The modest Rose puts forth a thorn,
The humble sheep a threat’ning horn:
While the Lily white shall in love delight,
Nor a thorn nor a threat stain her beauty bright.
The Sick Rose
O rose thou art sick,
The invisible worm,
That flies in the night
In the howling storm
Has found out thy bed
Of crimson joy :
And his dark secret love
Does thy life destroy.
My mother groan'd! my father wept.
Into the dangerous world I leapt:
Helpless, naked, piping loud:
Like a fiend hid in a cloud.
Struggling in my father’s hands,
Striving against my swadling bands,
Bound and weary I thought best
To sulk upon my mother’s breast.
Ah, sunflower, weary of time,
Who countest the steps of the sun;
Seeking after that sweet golden clime
Where the traveller’s journey is done;
Where the Youth pined away with desire,
And the pale virgin shrouded in snow,
Arise from their graves, and aspire
Where my Sunflower wishes to go!
My Pretty Rose Tree
A flower was offered to me,
Such a flower as May never bore;
But I said, ‘I’ve a pretty rose tree,’
And I passed the sweet flower o’er.
Then I went to my pretty rose tree,
To tend her by day and by night;
But my rose turned away with jealousy,
And her thorns were my only delight.
When the voices of children are heard on the green,
And whisperings are in the dale,
The days of my youth rise fresh in my mind,
My face turns green and pale.
Then come home, my children, the sun is gone down,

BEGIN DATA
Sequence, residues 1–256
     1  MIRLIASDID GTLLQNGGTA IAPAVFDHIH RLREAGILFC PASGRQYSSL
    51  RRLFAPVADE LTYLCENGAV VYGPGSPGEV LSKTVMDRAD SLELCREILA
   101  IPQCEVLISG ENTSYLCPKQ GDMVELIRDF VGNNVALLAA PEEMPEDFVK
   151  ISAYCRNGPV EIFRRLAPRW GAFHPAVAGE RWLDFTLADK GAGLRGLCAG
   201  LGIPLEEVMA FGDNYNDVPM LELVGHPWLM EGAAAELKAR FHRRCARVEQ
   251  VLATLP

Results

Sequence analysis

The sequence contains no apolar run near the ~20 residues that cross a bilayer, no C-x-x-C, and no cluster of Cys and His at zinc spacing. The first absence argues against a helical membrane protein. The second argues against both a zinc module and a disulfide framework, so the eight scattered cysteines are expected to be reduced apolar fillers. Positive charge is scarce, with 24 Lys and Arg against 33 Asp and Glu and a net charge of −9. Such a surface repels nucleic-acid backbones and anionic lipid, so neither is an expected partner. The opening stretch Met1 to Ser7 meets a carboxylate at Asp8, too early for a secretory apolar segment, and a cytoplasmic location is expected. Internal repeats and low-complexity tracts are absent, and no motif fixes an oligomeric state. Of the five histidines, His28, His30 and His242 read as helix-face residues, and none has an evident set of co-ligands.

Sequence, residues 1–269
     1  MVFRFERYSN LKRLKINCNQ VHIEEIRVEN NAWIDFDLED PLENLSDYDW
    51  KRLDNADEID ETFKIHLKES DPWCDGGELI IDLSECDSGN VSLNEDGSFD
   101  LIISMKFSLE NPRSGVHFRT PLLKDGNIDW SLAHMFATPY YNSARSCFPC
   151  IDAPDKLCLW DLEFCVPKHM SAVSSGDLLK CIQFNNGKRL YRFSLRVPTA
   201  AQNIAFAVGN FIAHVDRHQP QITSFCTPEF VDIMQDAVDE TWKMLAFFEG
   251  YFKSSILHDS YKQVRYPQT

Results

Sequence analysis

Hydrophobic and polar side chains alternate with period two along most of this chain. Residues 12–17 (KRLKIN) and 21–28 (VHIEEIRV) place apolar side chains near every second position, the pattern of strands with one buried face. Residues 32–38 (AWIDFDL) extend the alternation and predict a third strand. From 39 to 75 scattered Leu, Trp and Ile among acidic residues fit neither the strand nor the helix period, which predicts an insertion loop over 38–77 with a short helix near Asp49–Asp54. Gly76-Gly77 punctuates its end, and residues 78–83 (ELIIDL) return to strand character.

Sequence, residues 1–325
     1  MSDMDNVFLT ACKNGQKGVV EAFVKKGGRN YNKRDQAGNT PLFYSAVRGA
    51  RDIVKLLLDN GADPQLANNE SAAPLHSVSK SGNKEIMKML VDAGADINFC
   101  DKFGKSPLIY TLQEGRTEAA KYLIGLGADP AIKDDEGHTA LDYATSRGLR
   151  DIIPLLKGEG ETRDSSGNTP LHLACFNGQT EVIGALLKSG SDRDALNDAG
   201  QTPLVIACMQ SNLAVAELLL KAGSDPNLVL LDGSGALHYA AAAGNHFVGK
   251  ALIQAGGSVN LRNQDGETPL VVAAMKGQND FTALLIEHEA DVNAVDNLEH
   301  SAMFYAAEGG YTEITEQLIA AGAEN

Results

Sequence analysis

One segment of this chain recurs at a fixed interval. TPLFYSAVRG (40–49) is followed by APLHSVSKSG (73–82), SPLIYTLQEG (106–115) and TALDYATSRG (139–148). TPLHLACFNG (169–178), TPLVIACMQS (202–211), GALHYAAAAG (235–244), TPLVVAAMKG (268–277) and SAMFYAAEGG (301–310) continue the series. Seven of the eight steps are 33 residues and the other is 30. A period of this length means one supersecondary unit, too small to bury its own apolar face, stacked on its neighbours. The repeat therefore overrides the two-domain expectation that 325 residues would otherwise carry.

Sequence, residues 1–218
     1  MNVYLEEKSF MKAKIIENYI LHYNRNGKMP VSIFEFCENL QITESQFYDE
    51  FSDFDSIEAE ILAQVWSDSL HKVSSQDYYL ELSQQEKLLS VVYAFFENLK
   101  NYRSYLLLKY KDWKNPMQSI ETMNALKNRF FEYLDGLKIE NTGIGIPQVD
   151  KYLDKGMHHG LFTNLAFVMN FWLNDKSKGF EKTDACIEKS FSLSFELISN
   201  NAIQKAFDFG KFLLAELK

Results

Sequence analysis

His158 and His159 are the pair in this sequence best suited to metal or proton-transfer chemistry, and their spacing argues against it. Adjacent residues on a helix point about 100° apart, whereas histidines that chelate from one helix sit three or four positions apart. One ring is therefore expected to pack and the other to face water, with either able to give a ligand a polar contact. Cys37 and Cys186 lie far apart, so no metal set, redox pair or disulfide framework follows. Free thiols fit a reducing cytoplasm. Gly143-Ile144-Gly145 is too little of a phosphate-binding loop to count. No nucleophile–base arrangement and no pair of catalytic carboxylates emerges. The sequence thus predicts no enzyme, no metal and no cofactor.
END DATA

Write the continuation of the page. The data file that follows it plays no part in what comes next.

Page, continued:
And the dews of night arise;
Your spring and your day are wasted in play,
And your winter and night in disguise.
Thy summer’s play
My thoughtless hand
Has brushed away.
Am not I
A fly like thee?
Or art not thou
A man like me?
For I dance,
And drink, and sing,
Till some blind hand
Shall brush my wing.
If thought is life
And strength and breath,
And the want
Of thought is death;
[...] Read more
The Voice of the Ancient Bard
Youth of delight! come hither
And see the opening morn,
Image of Truth new-born.
Doubt is fled, and clouds of reason,
Dark disputes and artful teazing.
Folly is an endless maze;
Tangled roots perplex her ways;
How many have fallen there!
They stumble all night over bones of the dead;
And feel—they know not what but care;
And wish to lead others, when they should be led.
The Clod and the Pebble
'Love seeketh not itself to please,
Nor for itself hath any care,
But for another gives its ease,
And builds a heaven in hell's despair.'
So sung a little clod of clay,
Trodden with the cattle's feet,
But a pebble of the brook
Warbled out these metres meet:
'Love seeketh only Self to please,
To bind another to its delight,
Joys in another's loss of ease,
And builds a hell in heaven's despite.'
The Garden of Love
I went to the Garden of Love,
And saw what I never had seen;
A Chapel was built in the midst,
Where I used to play on the green.
And the gates of this Chapel were shut,
And ‘Thou shalt not’ writ over the door;
So I turned to the Garden of Love
That so many sweet flowers bore.
And I saw it was filled with graves,
And tombstones where flowers should be;
And priests in black gowns were walking their rounds,
And binding with briars my joys and desires.